Culture Types – Definition & Examples

Culture Types

In this article, we will look at Culture Types – What it is and how it affects us, along with Elements, Levels, and Examples. Culture is a complex concept, and it is easy to misunderstand if you don’t understand what it means to be part of a particular culture.

What is Culture?

In human life, every person internalizes a culture, including the patterns of thought and behavior that determine what a person does or says. The culture we grow up with determines the outer limits of our actions. 

For example, the mental programming we develop as adolescents is similar to programming a computer. Different cultures will have different interpretations of the same situations. So how do we define culture? Let’s explore some common definitions of culture.

First, culture is a set of shared attitudes, beliefs, and practices. A culture is a group of people who have learned from each other over time and from each other. It also teaches us the proper behavior, attitudes, and perspectives. It is the sum total of these elements, which form our unique cultures. Cultures may be a product of evolution, or they may be the result of human adaptation.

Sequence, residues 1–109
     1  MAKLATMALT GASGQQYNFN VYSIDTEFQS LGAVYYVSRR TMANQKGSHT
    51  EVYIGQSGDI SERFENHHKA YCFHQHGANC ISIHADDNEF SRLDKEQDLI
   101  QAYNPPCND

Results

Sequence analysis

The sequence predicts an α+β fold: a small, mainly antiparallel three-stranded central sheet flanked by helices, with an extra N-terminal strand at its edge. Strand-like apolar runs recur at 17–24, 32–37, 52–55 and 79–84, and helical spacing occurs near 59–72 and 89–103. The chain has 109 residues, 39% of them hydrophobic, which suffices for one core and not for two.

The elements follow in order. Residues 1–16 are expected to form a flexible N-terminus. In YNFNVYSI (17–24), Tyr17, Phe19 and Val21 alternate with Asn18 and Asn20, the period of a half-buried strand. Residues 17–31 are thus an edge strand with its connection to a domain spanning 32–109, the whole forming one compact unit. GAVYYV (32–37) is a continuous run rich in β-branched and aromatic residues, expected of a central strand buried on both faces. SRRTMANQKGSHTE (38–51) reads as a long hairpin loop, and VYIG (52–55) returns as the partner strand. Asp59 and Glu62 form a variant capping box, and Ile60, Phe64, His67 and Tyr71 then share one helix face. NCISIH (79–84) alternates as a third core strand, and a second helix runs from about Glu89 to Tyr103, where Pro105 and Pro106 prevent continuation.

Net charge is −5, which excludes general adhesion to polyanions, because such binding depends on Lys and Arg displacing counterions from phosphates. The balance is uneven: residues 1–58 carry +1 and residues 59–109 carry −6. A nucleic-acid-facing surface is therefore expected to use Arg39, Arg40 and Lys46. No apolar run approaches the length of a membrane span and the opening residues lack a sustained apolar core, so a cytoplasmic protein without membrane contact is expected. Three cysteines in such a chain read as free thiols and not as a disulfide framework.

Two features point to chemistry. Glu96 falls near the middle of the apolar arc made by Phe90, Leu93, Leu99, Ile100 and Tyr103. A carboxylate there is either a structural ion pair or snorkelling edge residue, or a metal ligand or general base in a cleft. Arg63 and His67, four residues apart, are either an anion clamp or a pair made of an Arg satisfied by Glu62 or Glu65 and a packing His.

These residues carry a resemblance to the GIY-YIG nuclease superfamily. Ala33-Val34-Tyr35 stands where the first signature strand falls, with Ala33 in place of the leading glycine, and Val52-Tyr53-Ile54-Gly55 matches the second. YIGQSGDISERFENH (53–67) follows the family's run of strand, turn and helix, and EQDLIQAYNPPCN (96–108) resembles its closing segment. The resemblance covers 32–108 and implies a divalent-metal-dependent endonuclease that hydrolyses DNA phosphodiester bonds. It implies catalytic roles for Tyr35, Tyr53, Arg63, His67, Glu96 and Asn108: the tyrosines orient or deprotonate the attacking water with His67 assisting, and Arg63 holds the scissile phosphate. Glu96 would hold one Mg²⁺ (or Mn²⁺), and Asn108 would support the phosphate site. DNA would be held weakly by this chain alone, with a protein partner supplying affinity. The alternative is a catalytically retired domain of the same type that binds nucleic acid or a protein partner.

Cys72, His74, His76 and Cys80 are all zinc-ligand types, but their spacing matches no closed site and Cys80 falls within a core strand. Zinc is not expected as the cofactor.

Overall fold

Culture is a patterns of behavior that people exhibit in certain circumstances. These patterns are visible or invisible and serve as sociological norms. Most members of society conform to the rules that define acceptable behavior. To define a culture, we need to consider how people have adapted to the environment that surrounds them.


The examples of a culture that are most readily identifiable are customs, traditions, and social standards. Other cultural examples include religious and traditional practices. 

Symbols of culture are a combination of experiences and traditions. They can be factual or fictional and represent shared experiences, beliefs, and ethics. These cultural symbols often have a shared source of knowledge and are integral to a group’s identity. There are many different types of cultures. 

For example, a traditional culture may have rituals and ceremonies that mark a particular milestone in a person’s life, such as marriage and childbirth. Similarly, a cultural holiday may be a common example of a symbolic element.